Wednesday, April 22, 2015

Do you want to build an Oliver? Part 2

So you need an escapement/carriage rail assembly? Just make sure you have these handy dandy parts prefabricated and ready to be brought together!

First we begin with the base skeleton frame of the assembly.

Now we add the small hooked bit to the underside. This is the guide for the reverse-T bar well be adding later, and is also the anchor for the screws to the geardrive.

We now add the gear drive, screwing it into the piece added previously. Ensure the square towards the top has its drilled out half sphere pointed outward, to accommodate the spring used to allow tabulation.

Next we add the piece to lock the geardrive in place. Notice the other half-sphere, and the spring.

Youll want to take the top part off to make this considerably easier for the moment.

Add it with the round bulges aimed downwards, and reattach the top bit.

Next well add the tab bar and right margin release bar. Not pictured is another small bar which, surprisingly, was the only thing I forgot to take a picture of this time around.

Here they are added. Attach the springs seen previously to their respective spots.

Now we add the top of the geardrive which connects to the tab bar, allowing the press of said bar to force the gear back and disengage from the carriage.

Now we add the ribbon vibrator and escapement mechanism, which can not be taken apart safely beyond what is seen here for the most part. Most of whats connected is riveted or precise.

And here it is, in all its glory, attached once more.

Now we add the back-spacer holder.

It screws in on the bottom of the skeletal frame, and covers up the screws which hold the escapement/ ribbon vibrator assembly, so make sure this is done after the previous step.

Now we add the assembly guide wheel thing.

Make sure the wheels are facing away from the center of the machine. It is on the underside of the assembly.

I then add the carriage belt hook-stop, which allows the carriage to be taken off the machine without unwinding the motor. This is towards the back of the frame.

Next is the left-margin stopping thing. That's its name. I swear.

It is put on the underside of the skeletal frame. The small fan bit helps ensure its properly placed.

We now add the reverse T bar.

It goes on the opposite side of the ribbon vibrator on that entire assemblage, allowing a pivot action.

Next the shifting bar, which connects the assembly to the segment underneath which is operated during shifting.

Youll be placing it in the dug out well behind the ribbon vibrator/escapement assembly.

Next add the left margin rail

Then add the bell ringer device

Now we add the right hand support and back-spacer assembly.

Make sure that the backspacer is properly in its place near the center of the whole assembly, then screw it in with its two heavy screws.

Repeat for the left side, save for the back-spacer assembly.

And now, the finishing touch:

With the rails now in place, your escapement/carriage rail assembly is just about ready to be dropped into place on the machine body. There are just a few things to do before that, which will be detailed in the next section: How did we even get this far, Mr. Thomas?

If you have questions, concerns about the welfare of this machine, or comments, ask below! Ill do my best to help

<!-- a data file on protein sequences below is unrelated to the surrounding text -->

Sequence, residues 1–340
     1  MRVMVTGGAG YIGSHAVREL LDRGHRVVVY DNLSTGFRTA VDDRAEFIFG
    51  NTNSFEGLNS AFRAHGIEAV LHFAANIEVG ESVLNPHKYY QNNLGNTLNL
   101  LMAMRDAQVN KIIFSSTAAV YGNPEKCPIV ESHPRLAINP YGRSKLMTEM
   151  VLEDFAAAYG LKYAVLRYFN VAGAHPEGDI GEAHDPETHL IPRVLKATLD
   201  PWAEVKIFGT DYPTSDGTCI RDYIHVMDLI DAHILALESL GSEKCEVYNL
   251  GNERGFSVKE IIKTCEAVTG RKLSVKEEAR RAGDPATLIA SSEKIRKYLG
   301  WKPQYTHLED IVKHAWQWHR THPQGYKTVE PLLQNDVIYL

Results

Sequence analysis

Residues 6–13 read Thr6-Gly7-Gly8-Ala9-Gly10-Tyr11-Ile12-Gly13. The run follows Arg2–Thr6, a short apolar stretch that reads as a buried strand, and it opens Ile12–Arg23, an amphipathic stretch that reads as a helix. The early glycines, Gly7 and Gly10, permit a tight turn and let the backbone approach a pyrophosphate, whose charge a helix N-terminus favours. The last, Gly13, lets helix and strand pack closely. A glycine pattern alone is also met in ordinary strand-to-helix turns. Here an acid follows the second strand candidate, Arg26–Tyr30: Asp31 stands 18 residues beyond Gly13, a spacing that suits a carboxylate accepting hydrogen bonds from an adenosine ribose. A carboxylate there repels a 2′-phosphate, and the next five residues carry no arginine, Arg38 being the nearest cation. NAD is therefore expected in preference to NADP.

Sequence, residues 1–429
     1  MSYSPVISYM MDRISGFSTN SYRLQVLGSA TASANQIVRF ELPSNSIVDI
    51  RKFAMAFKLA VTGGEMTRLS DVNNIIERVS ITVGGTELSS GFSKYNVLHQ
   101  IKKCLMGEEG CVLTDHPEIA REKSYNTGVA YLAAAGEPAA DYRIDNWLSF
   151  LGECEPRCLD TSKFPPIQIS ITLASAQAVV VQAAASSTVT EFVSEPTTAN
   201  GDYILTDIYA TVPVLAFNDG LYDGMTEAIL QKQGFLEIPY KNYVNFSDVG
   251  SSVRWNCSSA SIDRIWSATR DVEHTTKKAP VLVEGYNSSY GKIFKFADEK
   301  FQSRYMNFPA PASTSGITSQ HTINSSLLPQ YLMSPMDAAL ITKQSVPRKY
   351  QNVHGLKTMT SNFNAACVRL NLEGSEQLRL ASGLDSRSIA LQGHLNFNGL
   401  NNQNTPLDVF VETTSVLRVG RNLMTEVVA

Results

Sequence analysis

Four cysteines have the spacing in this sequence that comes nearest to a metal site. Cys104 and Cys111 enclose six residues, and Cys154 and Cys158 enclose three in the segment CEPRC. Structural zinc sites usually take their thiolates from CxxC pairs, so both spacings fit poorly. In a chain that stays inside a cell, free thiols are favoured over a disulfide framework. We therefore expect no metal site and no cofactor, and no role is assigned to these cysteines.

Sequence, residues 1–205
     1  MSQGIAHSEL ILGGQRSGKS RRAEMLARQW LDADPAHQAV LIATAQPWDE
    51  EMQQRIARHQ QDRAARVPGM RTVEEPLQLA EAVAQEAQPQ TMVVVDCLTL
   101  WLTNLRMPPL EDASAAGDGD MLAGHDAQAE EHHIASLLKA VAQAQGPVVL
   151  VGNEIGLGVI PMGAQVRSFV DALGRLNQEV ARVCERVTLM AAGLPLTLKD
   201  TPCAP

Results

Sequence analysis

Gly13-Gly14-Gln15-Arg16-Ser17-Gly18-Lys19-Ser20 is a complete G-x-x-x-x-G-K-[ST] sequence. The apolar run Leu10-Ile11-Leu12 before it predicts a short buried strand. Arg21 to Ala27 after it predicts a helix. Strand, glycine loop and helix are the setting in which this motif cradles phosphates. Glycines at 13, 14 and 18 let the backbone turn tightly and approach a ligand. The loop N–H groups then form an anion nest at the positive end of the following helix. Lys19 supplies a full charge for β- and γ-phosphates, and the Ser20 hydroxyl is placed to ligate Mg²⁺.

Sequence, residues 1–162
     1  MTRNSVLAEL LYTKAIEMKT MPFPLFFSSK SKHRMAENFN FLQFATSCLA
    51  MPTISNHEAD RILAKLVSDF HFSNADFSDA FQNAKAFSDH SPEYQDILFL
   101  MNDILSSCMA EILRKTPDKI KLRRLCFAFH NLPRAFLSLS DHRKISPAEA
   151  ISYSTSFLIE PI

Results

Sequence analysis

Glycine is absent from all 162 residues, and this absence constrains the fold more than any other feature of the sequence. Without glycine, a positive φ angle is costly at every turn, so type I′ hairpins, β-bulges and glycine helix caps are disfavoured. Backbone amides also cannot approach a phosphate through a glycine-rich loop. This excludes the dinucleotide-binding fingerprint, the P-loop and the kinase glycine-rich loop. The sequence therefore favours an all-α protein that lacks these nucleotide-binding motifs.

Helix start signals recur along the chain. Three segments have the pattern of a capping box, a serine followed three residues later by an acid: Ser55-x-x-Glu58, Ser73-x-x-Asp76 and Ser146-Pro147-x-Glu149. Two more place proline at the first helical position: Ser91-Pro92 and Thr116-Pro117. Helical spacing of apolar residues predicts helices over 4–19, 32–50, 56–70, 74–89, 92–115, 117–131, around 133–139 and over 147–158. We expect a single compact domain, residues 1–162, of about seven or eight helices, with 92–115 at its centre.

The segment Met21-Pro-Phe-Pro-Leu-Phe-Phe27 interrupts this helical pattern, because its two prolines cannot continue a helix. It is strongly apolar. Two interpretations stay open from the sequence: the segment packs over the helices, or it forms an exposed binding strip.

1. This is invaluable information for owners of Olivers. Seeing each piece clean / deconstructed / reconstructed is not only fascinating but extremely helpful and I will refer to this post frequently for comparison purposes.

    My own Oliver is still only advancing with striking of the space bar and not with striking of the keys. I have been tightening / repositioning / loosening various nuts and bolts and screws under the machine in the hopes that I have an adjustment issue but no progress.

    I will watch with great interest as you re-attach the escapement and carriage rail assembly and make your final adjustments as it may help me solve my Oliver's problem.

    1. My goal with these is to simply get the information out on the internet. Nothing is so daunting as wanting to try something like this and finding that there's no help whatsoever on the web. Keep tinkering with your machine, it'll start working in no time. Unless of course it's jealous of your shiny new corona.

  2. You've got access to the original factory assembly training materials, right?

    Your illustrated write-ups are fascinating and actually awe inspiring. A bit intimidating even :)
    The mechanical ingenuity of the machine on display here is a pleasure to see. Thank you for these posts (and good luck with the continued success of the project!).

    1. I wish I had those materials. If I did, I'd plaster them just about everywhere to prove that I knew what I was doing as I did it. As of now, I just wade into it all hoping the way I'm doing it somewhat resembles how it should be done

  3. Wow. Beautifully documented. Did you re-plate some of those pieces, or just do a very good cleaning? They sparkle.

    1. I got lucky with this machine, in that only a few pieces were actually rusted. Most of it was just covered in thick grime which came off after vigorous scrubbing with steel wool and maniacally taking a dremel to it. At this point, I must admit that steel wool can just about clean anything on a typewriter amazingly.

  4. AH! You know, I do need to get to work on my Oliver again. You're inspiring me to dig into it deeper than I was comfortable with.

    1. By golly, if an experienced and trained individual working in a factory a hundred years ago can do it, surely we can do it as well with our complete lack of Oliver company training, manuals, or Oliver engineers and co-workers! :D
      In all seriousness, Oliver's are the easiest typewriter to deal with. Go nuts with it knowing you'll be able to put it back together with no troubles, if it strikes your fancy